If you are the copyright holder of any song posted here, please contact us if you would like the song taken down early. Please do not direct link to any of these tracks. Please love and wonder.

"And I shall watch the ferry-boats / and they'll get high on a bluer ocean / against tomorrow's sky / and I will never grow so old again."
about the authors
Sean Michaels is the founder of Said the Gramophone. He is a writer, critic and author of the theremin novel Us Conductors. Follow him on Twitter or reach him by email here. Click here to browse his posts.

Emma Healey writes poems and essays in Toronto. She joined Said the Gramophone in 2015. This is her website and email her here.

Jeff Miller is a Montreal-based writer and zinemaker. He is the author of Ghost Pine: All Stories True and a bunch of other stories. He joined Said the Gramophone in 2015. Say hello on Twitter or email.

Mitz Takahashi is originally from Osaka, Japan who now lives and works as a furniture designer/maker in Montreal. English is not his first language so please forgive his glamour grammar mistakes. He is trying. He joined Said the Gramophone in 2015. Reach him by email here.

Site design and header typography by Neale McDavitt-Van Fleet. The header graphic is randomized: this one is by Neale McDavitt-Van Fleet.
Dan Beirne wrote regularly for Said the Gramophone from August 2004 to December 2014. He is an actor and writer living in Toronto. Any claim he makes about his life on here is probably untrue. Click here to browse his posts. Email him here.

Jordan Himelfarb wrote for Said the Gramophone from November 2004 to March 2012. He lives in Toronto. He is an opinion editor at the Toronto Star. Click here to browse his posts. Email him here.
our patrons
Said the Gramophone does not take advertising. We are supported by the incredible generosity of our readers. These were our donors in 2013.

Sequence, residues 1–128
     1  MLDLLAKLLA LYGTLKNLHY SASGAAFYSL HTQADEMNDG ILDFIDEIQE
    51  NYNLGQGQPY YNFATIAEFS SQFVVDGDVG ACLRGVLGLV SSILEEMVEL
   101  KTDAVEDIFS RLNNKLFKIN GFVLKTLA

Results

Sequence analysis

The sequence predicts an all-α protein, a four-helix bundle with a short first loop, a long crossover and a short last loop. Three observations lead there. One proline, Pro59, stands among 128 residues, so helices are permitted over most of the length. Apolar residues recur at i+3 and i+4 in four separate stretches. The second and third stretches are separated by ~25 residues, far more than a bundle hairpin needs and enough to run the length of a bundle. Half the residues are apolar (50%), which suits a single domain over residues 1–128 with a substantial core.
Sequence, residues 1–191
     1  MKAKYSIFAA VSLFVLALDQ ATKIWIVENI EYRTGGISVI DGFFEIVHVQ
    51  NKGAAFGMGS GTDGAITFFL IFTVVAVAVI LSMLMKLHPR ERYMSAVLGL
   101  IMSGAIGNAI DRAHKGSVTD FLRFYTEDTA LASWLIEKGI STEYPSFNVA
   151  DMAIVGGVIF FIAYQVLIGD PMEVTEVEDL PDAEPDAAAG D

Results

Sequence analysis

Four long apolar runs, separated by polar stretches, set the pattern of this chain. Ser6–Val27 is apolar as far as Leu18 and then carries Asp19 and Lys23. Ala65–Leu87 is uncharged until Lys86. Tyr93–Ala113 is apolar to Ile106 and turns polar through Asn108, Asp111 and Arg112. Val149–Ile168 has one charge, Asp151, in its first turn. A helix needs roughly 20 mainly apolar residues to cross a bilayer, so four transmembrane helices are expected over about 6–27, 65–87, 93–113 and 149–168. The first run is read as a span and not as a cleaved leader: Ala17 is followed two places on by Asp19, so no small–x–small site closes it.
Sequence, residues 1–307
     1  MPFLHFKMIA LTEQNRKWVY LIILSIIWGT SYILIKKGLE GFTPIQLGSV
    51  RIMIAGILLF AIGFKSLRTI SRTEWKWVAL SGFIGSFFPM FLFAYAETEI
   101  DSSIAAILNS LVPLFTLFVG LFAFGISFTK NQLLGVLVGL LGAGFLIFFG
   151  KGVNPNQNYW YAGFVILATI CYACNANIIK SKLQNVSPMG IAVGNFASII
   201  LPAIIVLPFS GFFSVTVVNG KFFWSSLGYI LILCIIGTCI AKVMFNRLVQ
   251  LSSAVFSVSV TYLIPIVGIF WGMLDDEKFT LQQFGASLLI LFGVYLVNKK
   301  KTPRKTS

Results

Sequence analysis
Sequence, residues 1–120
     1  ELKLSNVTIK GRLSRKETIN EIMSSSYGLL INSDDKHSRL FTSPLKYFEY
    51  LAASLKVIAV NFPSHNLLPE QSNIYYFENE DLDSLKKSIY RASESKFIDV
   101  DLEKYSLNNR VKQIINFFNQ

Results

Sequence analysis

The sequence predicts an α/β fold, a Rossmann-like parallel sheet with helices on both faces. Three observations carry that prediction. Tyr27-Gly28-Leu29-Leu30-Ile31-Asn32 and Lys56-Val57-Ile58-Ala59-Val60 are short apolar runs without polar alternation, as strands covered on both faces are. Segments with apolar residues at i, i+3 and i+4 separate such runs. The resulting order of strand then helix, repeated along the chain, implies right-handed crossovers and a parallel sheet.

watch StG's wonderful video contest winners

our favourite blogs
(◊ means they write about music)

Back to the World
La Blogothèque
Weird Canada
Destination: Out
Endless Banquet
A Grammar (Nitsuh Abebe)
Ill Doctrine
A London Salmagundi
Words and Music
Petites planétes
Gorilla vs Bear
Silent Shout
Clouds of Evil
The Dolby Apposition
Awesome Tapes from Africa
Matana Roberts
Pitchfork Reviews Reviews
i like you [podcast]
Nicola Meighan
radiolab [podcast]
CKUT Music
plethoric pundrigrions
Wattled Smoky Honeyeater
The Clear-Minded Creative
Torture Garden
Passion of the Weiss
Juan and Only
Horses Think
White Hotel
Then Play Long (Marcello Carlin)
Uno Moralez
Coming Up For Air (Matt Forsythe)
my love for you is a stampede of horses
It's Nice That
Song, by Toad
In Focus
WTF [podcast]
The Rest is Noise (Alex Ross)
My Daguerreotype Boyfriend
The Hood Internet

things we like in Montreal
st-viateur bagel
café olimpico
Euro-Deli Batory
le pick up
kem coba
le couteau
au pied de cochon
mamie clafoutis
tourtière australienne
chez boris
alati caserta
vices & versa
+ paltoquet, cocoa locale, idée fixe, patati patata, the sparrow, pho tay ho, qin hua dumplings, caffé italia, hung phat banh mi, caffé san simeon, meu-meu, pho lien, romodos, patisserie guillaume, patisserie rhubarbe, kazu, lallouz, maison du nord, cuisine szechuan &c

drawn + quarterly
+ bottines &c

casa + sala + the hotel
blue skies turn black
montreal improv theatre
passovah productions
le cagibi
cinema du parc
pop pmontreal
yoga teacher Thea Metcalfe

Cult Montreal
The Believer
The Morning News
The Skinny